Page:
Smokescreen: How Managers Behave When They Have Something to Hide
AbstractWe study financial reporting and corporate governance in 216 U.S. companies accused of price fixing by antitrust authorities. We document a range of strategies used by these firms when reporting financial results, including frequent earnings smoothing, segment reclassification, and restatements. In corporate governance, cartel firms favor outside directors who are likely to be inattentive monitors due to their status as foreign or “busy.” When directors resign, they are often not replaced, and new auditors are rarely engaged. Cartel managers exercise their stock options faster than managers of other firms. While our results are based only upon firms engaged in price fixing, we expect that they should apply generally to all companies in which managers seek to conceal poor performance or personal wrongdoing.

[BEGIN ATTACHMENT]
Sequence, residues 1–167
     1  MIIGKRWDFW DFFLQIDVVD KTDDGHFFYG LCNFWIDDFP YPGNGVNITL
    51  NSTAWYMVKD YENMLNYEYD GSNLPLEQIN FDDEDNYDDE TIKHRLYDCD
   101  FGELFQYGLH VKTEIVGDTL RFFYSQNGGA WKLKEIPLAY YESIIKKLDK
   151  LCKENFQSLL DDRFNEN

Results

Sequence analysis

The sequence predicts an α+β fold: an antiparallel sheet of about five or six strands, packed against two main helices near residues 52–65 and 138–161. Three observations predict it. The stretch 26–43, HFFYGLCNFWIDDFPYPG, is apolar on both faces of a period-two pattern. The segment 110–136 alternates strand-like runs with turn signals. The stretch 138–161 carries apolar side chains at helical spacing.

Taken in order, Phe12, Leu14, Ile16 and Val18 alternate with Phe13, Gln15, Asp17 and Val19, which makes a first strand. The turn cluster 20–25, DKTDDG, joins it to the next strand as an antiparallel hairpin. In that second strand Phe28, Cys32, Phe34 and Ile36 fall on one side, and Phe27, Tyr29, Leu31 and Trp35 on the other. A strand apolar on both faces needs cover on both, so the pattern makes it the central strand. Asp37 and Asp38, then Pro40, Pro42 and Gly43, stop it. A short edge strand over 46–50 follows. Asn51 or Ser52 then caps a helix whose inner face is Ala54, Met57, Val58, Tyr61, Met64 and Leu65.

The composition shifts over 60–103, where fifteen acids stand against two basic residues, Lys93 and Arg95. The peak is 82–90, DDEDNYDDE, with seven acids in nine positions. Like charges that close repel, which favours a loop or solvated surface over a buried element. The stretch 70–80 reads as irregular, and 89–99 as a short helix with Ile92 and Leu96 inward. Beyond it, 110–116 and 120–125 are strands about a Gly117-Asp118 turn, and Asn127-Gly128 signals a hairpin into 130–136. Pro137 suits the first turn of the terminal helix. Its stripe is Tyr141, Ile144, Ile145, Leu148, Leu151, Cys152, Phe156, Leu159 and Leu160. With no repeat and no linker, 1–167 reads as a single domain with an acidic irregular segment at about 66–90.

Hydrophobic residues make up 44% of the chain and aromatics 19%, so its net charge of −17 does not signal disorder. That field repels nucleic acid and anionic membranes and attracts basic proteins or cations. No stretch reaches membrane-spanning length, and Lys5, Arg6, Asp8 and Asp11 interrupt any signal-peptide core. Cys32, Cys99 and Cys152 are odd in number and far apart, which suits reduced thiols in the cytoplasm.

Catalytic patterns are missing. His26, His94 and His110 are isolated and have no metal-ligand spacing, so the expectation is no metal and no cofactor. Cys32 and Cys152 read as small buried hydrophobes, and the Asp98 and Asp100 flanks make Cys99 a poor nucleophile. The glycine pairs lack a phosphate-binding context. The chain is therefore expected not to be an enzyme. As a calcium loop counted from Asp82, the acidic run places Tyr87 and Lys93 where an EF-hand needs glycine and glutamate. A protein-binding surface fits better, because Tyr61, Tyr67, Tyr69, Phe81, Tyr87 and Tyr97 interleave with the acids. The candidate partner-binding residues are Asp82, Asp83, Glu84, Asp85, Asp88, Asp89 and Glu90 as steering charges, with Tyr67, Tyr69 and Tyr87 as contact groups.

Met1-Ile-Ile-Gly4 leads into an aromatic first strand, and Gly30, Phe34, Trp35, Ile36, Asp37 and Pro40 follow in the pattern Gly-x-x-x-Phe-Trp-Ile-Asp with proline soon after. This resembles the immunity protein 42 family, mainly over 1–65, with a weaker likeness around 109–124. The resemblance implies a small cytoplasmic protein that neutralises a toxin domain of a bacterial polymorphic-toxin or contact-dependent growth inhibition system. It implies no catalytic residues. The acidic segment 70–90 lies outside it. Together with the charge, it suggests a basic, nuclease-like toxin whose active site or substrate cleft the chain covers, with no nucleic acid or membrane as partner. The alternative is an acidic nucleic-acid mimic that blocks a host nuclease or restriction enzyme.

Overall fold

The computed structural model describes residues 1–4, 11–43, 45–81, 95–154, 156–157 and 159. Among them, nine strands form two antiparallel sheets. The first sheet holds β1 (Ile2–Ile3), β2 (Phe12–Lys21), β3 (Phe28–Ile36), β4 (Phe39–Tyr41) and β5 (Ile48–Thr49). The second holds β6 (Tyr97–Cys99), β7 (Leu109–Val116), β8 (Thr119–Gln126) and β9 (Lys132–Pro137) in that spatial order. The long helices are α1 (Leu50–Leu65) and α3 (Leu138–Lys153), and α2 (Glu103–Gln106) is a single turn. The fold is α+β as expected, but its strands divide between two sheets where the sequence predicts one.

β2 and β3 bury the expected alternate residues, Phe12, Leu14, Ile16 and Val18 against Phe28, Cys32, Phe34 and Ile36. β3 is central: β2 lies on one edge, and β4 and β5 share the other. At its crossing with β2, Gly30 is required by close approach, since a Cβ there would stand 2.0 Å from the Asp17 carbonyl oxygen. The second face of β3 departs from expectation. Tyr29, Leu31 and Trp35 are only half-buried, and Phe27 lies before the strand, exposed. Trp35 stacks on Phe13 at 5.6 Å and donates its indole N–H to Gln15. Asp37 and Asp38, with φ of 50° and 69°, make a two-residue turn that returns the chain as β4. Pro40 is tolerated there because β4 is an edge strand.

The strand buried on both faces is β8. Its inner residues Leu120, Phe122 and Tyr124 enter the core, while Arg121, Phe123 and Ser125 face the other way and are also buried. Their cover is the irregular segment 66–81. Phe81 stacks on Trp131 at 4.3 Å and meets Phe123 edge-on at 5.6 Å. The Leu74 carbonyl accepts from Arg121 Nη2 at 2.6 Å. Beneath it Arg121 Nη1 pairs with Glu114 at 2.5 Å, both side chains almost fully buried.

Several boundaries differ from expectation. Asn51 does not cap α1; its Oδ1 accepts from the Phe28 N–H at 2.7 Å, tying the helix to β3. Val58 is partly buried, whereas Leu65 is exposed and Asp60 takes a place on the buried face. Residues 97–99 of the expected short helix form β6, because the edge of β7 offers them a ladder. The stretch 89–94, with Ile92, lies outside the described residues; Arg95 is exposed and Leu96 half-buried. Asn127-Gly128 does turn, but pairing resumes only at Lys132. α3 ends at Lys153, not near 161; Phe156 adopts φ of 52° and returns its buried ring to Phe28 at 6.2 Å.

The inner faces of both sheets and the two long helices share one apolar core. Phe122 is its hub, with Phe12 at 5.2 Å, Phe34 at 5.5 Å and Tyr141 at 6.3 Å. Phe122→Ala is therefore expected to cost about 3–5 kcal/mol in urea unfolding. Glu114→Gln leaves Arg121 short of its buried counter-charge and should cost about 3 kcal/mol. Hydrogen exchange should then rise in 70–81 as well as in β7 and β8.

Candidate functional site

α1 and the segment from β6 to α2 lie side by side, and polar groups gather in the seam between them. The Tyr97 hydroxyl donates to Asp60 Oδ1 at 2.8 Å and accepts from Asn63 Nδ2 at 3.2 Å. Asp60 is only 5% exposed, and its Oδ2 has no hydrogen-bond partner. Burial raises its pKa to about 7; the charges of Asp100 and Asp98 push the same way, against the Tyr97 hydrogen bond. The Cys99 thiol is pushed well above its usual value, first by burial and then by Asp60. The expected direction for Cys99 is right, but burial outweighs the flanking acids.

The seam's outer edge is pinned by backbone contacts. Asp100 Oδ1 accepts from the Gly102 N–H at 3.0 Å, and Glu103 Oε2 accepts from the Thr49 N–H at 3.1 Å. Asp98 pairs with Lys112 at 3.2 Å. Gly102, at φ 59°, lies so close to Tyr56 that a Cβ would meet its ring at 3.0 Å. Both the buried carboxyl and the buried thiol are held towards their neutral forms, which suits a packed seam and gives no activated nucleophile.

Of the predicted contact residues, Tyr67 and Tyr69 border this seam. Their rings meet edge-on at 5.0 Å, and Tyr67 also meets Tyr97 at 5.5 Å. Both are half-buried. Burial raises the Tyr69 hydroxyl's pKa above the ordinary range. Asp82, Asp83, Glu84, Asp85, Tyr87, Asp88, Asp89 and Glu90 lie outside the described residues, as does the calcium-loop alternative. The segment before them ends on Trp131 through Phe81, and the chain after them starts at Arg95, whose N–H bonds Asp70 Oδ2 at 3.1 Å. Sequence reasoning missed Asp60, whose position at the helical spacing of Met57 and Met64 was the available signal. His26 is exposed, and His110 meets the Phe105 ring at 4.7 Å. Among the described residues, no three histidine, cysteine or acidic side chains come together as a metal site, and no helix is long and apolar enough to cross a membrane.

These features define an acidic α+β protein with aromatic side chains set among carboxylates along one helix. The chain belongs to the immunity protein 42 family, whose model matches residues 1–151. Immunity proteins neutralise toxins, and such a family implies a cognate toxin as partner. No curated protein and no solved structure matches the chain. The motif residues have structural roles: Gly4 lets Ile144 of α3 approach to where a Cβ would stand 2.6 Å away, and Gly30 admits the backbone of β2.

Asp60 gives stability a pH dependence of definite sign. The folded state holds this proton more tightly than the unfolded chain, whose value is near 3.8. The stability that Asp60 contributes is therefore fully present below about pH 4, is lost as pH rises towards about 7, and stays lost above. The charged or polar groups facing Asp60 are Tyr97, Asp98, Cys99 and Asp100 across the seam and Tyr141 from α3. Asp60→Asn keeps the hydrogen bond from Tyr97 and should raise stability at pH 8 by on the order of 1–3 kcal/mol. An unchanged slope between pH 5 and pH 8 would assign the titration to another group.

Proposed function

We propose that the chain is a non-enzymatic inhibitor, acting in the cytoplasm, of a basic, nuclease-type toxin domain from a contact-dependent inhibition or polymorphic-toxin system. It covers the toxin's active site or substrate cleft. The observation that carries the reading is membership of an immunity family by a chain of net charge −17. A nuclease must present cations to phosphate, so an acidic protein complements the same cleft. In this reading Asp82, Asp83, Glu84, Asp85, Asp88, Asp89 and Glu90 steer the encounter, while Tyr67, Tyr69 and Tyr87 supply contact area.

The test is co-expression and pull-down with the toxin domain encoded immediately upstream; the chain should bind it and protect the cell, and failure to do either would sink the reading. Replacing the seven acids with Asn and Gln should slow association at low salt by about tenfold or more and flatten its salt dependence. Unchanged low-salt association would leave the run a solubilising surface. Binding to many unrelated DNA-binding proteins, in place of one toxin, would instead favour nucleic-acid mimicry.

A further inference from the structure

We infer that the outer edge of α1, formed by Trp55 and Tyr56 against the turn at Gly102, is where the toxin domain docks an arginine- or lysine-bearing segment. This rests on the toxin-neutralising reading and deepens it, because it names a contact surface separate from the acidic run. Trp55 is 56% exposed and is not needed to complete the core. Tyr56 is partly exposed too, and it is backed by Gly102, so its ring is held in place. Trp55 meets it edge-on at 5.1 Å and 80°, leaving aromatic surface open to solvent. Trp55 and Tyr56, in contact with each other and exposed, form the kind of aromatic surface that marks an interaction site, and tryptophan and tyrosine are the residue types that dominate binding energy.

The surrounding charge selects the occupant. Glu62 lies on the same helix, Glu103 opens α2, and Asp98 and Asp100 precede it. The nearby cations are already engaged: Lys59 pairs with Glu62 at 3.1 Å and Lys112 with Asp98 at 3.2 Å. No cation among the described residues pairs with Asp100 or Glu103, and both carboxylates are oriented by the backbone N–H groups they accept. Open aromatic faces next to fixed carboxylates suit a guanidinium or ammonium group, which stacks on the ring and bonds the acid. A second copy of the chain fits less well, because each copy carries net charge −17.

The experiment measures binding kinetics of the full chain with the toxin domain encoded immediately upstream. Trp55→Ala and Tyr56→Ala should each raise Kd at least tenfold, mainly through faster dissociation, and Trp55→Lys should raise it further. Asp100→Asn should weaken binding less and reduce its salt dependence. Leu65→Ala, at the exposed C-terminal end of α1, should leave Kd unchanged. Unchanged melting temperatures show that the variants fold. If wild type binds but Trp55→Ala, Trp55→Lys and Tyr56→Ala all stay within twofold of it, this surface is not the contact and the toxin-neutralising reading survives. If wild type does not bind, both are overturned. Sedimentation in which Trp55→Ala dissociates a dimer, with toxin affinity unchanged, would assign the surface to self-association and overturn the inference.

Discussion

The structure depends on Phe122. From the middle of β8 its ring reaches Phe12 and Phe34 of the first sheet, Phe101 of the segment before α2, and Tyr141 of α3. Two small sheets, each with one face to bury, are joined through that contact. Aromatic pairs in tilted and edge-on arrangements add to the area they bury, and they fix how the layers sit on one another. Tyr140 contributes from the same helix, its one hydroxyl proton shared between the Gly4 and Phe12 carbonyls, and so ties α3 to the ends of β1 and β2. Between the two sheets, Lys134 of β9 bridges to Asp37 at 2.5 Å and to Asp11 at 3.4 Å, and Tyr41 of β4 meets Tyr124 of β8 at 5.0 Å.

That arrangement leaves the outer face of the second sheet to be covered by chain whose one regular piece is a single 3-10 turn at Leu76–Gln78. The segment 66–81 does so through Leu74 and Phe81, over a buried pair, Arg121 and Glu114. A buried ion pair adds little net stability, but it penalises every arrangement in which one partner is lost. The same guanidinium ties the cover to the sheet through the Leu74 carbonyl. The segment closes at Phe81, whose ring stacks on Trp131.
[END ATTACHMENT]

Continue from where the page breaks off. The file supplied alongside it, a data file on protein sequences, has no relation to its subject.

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Bibliographic InfoPaper provided by University of St. Gallen, School of Finance in its series Working Papers on Finance with number 1309.
Length: 37 pages
Date of creation: Mar 2013
Date of revision:
Cartels; price fixing; accounting fraud; boards of directors; corporate governance.;
Other versions of this item:
- Tanja Artiga González & Markus Schmid & David Yermack, 2013. "Smokescreen: How Managers Behave When They Have Something To Hide," NBER Working Papers 18886, National Bureau of Economic Research, Inc.
- D43 - Microeconomics - - Market Structure and Pricing - - - Oligopoly and Other Forms of Market Imperfection
- G34 - Financial Economics - - Corporate Finance and Governance - - - Mergers; Acquisitions; Restructuring; Corporate Governance
- L40 - Industrial Organization - - Antitrust Issues and Policies - - - General
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